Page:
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Make internal hard disk drive-letters permanent

I use a 2-bay hot swappable drive caddy.
SATA disks on trays are used for each bay.
With AHCI turned on, the disks are hot pluggable.

3 disks are configured as separate drives, each with its own drive letter,
J (1 disk), L (2 disks), through Computer Manage > Disk Management
Intention is to hot swap out drive L with the assigned drive letter, L: staying permanent.
Presently, each time the L: drive disk is swapped, the XPP OS automatically assign the next available drive letter, eg F:
An unattended file sychronisation program is used to keep drives J and L in sync.
The program, Super Flexible File Sychronise, relies on drive letters.
Therefore, permanent drive letters is very necessary.

Is there a way to deal with this situation within the XPP OS? Or is there a utility software to achieve the same result?
Any tips and suggestions from the Experts would be most appreciated. Thanks
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garychu
Asked:
garychu
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2 Solutions
 
kirubalksCommented:
Mounting the drives would be a good idea.
You can mount a particular partition to a NTFS folder permanently. This is not depended on drive letter and finds the exact partition.

Eg: if i have a partition with drive letter L:, i can mount this to C:\partitionL
So whenever you want to access the particular partition you have to open C:\partitionL
This does not change when you swap the HDD

Here i will show you how to mount the partition which has the drive letter L
Goto run -> diskmgmt.msc
right click on the L partition -> click Change Drive letter and path
click remove button if you get a confirmation messages press YES.

again right click and goto "change drive letter and paths" of the particular partiton
-> click Add button
-> select "Mount in the following empty NTFS  folder"
-> click browse button
-> select your internal HDD may be C: drive
-> create an new folder and name it partitionL
-> press OK, OK

now if you want to access the partition you can goto C:\partitionL
this is permanent mount point for the particular partition. So the path C:\partitonL does not change.

Hope this helps.




 
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garychuAuthor Commented:
Thanks, kirubalks.
Just to be sure I have understood it correctly.
If for instance, I mount partition on drive L: to C:\partitionL,
the files will physically stay on the partition in drive L:
So if I have say 2 mount points, C:\partitionJ and C:\paritionL , I can simply synch the 2 mount folders and it should work as if I am synching the 2 drives J: and L: ?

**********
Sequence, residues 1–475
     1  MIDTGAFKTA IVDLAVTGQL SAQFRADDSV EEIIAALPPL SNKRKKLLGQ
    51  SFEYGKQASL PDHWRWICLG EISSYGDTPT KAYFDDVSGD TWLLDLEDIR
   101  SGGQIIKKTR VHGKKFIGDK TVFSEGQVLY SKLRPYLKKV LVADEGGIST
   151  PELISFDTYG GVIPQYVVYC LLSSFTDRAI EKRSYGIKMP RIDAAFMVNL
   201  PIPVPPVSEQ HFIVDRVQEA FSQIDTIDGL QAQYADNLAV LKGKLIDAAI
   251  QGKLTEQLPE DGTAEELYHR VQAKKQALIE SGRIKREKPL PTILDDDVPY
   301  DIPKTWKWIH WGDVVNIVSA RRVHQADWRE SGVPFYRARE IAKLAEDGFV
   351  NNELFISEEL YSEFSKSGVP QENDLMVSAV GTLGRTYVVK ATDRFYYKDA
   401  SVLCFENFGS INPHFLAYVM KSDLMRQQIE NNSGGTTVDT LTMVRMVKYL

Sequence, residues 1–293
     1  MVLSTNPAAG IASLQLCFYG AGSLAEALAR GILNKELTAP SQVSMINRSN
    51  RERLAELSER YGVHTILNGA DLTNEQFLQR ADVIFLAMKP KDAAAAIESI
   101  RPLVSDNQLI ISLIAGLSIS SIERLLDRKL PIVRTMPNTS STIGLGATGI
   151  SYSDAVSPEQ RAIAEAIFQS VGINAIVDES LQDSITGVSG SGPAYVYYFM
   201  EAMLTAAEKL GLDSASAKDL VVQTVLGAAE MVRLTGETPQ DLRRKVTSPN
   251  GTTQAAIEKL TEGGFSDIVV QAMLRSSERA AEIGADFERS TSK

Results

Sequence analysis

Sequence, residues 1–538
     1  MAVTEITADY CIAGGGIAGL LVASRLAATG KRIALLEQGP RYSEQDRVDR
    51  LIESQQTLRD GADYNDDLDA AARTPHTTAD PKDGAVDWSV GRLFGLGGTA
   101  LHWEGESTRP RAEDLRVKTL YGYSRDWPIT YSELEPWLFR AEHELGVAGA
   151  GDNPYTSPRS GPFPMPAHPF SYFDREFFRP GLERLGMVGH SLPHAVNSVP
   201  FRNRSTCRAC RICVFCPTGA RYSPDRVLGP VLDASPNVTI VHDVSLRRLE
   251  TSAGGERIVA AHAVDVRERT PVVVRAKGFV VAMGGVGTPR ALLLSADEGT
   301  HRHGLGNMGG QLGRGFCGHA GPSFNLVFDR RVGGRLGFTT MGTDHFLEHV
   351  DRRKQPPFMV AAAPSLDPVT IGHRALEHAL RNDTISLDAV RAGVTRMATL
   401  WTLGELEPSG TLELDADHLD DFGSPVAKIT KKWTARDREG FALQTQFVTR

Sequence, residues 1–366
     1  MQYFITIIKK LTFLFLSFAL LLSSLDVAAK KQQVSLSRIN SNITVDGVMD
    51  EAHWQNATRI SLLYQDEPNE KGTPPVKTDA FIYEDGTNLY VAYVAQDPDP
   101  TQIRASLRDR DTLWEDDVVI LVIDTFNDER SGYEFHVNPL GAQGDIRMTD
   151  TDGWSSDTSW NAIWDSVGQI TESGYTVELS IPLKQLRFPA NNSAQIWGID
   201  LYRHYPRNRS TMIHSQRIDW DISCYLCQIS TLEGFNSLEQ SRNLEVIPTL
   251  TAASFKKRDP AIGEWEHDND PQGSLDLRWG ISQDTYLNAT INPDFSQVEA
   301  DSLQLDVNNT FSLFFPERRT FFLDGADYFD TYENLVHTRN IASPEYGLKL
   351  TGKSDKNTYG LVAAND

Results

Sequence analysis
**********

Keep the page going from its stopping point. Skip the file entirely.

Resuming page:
Thanks again!
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garychuAuthor Commented:
I have since tried mounting two drives which are supposed to be swapped.
Problem is, each drive has to be mounted to an EMPTY folder.
How do I mount say 2 hard disks to the same mount folder?
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kirubalksCommented:
Yes!
C:\partitionL is just a mount point for the particular partition. Earlier you accessed L: now C:\partitionL.
The files are not stored in C:\partitionL it just refers to the physical HDD partition.

I think Super Flexible file synchronizer uses two base folders to sync.
So contents of C:\partitionL can be sync with C:\partitionJ successfully.

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garychuAuthor Commented:
But as stated earlier, I could not mount 2 physical hard disks to the same mount point.
I need to be able to swap out the disk in C:\paritionL and stil be able to sync with C:\partitionJ.
Mount point, C:\partitionJ can stay permanently. But C:\partitionL need to be able to accomodate either one of 2 physical disks!
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nobusCommented:
maybe this helps, but i never tried it on a sata drive caddy :  http://www.uwe-sieber.de/usbdlm_e.html
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twohawksCommented:
Typically we try to post answers and not links, however, being very interested in this question myself, and finding this to be a real conundrum for most, I think it is appropriate to post some findings here.

Bottomline so far as I can tell, unless you are using a swap-bay solution like "High-Rely", the only reliable method for managing this reliably is to run a script.

One of the more common recommends I have seen is using diskpart:
http://support.microsoft.com/kb/300415

Some scripting options are discussed here
http://www.msfn.org/board/topic/10905-change-drive-letters-to-your-liking/


BTW, this was discussed here a while back. Check out this question for some good insights into the challenges:
http://www.experts-exchange.com/Storage/Removable_Backup_Media/Q_26105491.html

...and this is a decent reference too...
http://www.experts-exchange.com/Storage/Backup_Restore/Q_26104038.html


These  seem some good references for wmi-centric scripts for drive/volume handling:
http://www.activexperts.com/activmonitor/windowsmanagement/adminscripts/disk/drives/
http://activexperts.com/network-monitor/windowsmanagement/scripts/storage/diskdrives/physical/

===============
Sorry I do not have time to work up a script at this moment (and so this is not really a solid answer), but perhaps the above references may help point you in a useful direction, and be decent references in this posting for posterity.

When you finally settle on a solution, would you please post it for us.  A lot of people wrestle with this issue ;^)